Contracts: Are They Necessary?


Q. Are contracts necessary?

A. Yes, if you are contracting for a professional service such as bookkeeping or taxes or something along those lines, it helps to have a written agreement to protect both parties. It should spell out specific responsibilities and duties for each party. It also outlines fees, payment terms, duration, and termination procedures. In my line of work (bookkeeping), I start off with a written proposal based on a free initial consultation, then the proposal turns into a three-month trial agreement to see if we are a good fit moving forward before I usually set up one-year terms.

Without a contract, there is fertile ground for misunderstanding and scope-creep (which is a separate topic worthy of its own article!). So in these circumstances, the contract is a must-needed item.

Oh, and it helps to have someone familiar with contract law review your contracts to see if they will hold up in court if necessary. Check with your state, as your laws may differ from state to state.

Featured Posts
Recent Posts
Archive
Search By Tags
Follow Us
  • Facebook Basic Square
  • Twitter Basic Square
  • Google+ Basic Square

© 2014 - 2020 by Bookkeeping Clean and Simple. Proudly created with Wix.com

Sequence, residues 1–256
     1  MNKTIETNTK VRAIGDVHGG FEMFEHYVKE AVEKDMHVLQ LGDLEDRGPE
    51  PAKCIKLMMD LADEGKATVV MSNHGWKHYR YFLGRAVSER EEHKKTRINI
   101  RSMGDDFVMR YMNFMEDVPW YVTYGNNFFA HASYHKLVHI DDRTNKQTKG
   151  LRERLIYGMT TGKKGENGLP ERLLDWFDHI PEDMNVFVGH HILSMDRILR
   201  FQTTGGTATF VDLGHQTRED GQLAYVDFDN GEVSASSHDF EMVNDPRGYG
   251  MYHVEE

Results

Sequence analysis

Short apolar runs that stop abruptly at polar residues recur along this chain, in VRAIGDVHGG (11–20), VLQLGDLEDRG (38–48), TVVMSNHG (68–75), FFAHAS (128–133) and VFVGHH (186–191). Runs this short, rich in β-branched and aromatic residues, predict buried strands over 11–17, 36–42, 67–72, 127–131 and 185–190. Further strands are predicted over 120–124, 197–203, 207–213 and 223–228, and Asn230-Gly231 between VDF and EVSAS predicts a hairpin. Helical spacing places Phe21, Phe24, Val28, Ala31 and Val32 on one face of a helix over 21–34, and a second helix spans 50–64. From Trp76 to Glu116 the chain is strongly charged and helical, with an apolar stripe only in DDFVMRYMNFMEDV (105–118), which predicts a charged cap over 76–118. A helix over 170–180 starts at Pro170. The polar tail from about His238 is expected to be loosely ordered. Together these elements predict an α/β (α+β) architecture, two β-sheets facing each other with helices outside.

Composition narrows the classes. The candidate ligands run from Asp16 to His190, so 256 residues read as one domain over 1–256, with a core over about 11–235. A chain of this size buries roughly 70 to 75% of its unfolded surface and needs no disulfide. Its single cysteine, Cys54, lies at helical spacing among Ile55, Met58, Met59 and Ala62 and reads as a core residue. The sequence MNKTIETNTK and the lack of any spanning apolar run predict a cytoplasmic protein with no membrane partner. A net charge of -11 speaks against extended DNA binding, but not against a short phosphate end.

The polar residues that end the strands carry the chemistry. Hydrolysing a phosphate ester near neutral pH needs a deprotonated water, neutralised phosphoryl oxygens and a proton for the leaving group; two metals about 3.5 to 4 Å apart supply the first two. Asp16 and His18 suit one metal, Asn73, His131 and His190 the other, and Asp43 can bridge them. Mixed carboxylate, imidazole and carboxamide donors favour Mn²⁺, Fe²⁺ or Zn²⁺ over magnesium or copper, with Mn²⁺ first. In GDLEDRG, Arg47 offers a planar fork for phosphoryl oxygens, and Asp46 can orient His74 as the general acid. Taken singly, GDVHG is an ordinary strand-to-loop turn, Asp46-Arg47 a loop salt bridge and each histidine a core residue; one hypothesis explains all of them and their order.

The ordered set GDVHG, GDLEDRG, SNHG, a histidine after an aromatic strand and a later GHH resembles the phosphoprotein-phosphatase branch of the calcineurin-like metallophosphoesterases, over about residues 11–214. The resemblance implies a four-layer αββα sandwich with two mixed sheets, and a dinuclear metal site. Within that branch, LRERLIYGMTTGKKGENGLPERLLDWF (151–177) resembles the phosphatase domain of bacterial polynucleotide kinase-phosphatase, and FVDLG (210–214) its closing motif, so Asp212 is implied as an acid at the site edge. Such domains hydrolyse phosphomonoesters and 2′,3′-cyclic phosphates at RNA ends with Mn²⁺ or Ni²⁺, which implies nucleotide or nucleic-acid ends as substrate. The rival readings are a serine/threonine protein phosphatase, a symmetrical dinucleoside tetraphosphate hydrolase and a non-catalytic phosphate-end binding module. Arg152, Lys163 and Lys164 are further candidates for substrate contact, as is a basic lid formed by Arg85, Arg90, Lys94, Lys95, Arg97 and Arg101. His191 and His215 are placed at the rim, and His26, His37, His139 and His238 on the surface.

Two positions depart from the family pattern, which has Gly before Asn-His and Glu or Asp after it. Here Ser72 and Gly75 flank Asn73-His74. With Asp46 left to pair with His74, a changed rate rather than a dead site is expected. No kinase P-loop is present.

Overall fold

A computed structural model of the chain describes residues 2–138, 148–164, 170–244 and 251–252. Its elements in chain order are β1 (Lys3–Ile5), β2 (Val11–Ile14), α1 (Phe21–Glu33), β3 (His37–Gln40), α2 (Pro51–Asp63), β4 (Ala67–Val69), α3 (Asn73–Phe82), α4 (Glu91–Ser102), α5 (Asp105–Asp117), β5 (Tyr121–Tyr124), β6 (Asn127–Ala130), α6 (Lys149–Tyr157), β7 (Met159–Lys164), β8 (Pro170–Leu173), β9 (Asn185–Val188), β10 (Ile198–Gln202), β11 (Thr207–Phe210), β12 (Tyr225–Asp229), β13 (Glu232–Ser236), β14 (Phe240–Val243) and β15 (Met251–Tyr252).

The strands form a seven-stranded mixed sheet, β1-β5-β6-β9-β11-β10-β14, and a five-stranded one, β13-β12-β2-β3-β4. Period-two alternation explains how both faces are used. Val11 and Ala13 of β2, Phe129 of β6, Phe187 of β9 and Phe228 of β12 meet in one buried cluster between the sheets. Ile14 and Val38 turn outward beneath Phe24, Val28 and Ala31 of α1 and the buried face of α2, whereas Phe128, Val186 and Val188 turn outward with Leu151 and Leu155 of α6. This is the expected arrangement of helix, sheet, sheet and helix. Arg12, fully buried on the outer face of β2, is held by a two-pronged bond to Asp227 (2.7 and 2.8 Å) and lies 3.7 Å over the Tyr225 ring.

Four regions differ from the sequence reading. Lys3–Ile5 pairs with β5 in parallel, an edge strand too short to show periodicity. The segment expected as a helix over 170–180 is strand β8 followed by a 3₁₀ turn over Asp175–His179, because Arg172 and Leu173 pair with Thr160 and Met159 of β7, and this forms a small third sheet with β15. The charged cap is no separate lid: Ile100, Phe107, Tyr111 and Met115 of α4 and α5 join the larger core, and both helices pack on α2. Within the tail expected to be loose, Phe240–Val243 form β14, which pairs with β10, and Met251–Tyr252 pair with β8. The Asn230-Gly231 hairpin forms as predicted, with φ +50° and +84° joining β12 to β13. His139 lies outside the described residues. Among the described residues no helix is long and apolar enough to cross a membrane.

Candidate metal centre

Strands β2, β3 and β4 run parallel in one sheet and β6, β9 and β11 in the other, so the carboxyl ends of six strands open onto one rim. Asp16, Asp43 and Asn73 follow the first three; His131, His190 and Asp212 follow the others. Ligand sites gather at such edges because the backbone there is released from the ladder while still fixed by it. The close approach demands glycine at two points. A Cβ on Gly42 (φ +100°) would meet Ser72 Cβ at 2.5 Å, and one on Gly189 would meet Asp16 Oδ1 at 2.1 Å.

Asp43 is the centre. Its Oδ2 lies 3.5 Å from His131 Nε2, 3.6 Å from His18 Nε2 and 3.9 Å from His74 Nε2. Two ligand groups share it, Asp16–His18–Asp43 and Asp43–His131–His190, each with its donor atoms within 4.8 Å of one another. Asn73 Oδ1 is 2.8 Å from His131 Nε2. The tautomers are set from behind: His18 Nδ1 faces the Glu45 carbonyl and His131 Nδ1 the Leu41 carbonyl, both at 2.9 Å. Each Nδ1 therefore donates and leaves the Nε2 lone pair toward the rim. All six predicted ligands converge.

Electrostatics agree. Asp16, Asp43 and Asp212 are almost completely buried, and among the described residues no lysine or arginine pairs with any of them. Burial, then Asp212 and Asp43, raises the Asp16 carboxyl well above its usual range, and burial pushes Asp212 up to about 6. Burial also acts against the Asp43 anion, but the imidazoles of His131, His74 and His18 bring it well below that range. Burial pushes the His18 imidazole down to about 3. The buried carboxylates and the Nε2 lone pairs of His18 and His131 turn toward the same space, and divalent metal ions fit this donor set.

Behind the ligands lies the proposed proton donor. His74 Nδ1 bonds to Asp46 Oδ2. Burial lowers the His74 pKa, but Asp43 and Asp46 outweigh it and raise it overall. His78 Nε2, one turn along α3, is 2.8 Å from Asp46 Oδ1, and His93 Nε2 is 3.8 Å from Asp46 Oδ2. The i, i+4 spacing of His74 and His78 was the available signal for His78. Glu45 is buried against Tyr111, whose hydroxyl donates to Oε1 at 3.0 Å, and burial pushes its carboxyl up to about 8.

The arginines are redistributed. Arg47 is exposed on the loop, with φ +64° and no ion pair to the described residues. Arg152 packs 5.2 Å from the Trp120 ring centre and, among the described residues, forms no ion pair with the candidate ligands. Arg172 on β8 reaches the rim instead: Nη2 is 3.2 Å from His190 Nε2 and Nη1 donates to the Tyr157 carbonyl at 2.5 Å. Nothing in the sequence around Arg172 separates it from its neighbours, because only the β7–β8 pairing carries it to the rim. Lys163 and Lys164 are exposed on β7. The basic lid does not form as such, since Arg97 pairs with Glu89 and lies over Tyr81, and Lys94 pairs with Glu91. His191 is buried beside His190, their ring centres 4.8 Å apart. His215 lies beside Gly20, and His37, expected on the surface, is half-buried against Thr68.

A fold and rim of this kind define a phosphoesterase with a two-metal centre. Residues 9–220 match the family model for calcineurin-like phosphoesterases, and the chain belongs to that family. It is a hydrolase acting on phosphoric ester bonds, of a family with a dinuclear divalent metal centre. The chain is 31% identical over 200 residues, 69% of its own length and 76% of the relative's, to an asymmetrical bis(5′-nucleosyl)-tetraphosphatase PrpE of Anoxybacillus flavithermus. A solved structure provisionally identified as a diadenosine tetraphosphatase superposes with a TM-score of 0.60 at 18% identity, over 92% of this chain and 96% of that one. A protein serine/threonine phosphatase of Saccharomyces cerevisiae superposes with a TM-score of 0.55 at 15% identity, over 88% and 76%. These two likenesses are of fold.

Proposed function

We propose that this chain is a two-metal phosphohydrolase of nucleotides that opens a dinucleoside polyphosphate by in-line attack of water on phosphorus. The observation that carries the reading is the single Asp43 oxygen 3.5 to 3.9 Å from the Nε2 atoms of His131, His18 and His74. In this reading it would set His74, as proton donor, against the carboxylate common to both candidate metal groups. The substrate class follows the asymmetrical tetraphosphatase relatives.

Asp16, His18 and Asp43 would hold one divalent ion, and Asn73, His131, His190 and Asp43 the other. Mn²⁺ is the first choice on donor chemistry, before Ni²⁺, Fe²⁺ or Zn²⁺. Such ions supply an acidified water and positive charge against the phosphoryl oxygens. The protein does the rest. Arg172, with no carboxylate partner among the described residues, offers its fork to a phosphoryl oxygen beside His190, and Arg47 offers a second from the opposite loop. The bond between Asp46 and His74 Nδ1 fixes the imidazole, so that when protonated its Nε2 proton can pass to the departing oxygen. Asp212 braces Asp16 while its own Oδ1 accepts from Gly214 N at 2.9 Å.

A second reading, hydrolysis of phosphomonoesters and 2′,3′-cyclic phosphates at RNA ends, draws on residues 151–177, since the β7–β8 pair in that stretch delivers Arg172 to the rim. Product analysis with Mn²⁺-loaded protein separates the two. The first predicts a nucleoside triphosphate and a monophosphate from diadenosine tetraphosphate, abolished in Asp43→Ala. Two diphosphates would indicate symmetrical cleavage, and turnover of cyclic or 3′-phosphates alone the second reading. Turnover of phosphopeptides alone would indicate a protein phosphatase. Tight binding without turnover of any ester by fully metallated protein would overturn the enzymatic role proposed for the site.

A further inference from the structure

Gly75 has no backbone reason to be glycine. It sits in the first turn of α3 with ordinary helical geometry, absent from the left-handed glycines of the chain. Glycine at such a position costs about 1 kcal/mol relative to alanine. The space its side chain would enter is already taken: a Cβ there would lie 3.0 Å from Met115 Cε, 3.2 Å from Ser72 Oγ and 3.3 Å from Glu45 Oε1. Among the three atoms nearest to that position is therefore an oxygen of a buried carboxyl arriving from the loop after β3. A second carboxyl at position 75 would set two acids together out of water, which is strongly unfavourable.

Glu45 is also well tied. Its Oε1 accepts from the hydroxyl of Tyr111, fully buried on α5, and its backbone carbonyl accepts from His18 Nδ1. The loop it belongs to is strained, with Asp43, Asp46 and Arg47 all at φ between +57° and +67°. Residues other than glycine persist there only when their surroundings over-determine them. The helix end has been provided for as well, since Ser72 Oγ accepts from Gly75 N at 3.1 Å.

Legal Disclaimer: All information provided herein is intended for general guidance only, and does not constitute the provision of legal advice, tax advice, accounting services, investment advice, or professional consulting of any kind. The information provided herein should not be used as a substitute for consultation with professional tax, accounting, legal, or other competent advisers. Before making any decision or taking any action, you should consult a professional adviser who has been provided with all pertinent facts relevant to your particular situation. All information is provided "as is," with no assurance or guarantee of completeness, accuracy, or timeliness of the information, and without warranty of any kind, express or implied, including but not limited to warranties of performance, merchantability, and fitness for a particular purpose.